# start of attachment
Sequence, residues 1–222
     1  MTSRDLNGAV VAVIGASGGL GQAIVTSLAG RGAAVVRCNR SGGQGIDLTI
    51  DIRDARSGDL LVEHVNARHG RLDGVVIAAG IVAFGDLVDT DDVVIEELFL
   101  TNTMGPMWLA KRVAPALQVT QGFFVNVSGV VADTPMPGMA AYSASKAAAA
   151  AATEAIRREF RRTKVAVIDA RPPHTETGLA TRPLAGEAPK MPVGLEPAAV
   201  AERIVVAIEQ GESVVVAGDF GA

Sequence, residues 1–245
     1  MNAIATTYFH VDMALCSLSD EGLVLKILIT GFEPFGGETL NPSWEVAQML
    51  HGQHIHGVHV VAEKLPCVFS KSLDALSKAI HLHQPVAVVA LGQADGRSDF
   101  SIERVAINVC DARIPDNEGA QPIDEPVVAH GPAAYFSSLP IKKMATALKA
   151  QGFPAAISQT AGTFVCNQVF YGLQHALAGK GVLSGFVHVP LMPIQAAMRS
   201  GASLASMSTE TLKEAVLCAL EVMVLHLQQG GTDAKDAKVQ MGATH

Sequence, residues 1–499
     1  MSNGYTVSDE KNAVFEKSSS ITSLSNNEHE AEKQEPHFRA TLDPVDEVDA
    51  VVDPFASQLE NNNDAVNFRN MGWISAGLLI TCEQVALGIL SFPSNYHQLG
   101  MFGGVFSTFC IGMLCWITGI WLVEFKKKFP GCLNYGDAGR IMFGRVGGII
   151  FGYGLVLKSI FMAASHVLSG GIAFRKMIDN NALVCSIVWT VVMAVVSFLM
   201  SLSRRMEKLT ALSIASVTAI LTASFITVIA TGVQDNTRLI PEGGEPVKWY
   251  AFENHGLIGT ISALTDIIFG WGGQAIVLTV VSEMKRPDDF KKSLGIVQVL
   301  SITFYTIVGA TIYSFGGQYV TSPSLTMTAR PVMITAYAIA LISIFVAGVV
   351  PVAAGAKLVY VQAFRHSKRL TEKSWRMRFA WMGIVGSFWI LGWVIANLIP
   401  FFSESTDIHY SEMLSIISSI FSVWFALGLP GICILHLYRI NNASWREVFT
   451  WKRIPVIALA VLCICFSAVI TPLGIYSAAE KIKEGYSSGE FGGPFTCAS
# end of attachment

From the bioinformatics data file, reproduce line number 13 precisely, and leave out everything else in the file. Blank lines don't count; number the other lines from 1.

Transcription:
Sequence, residues 1–499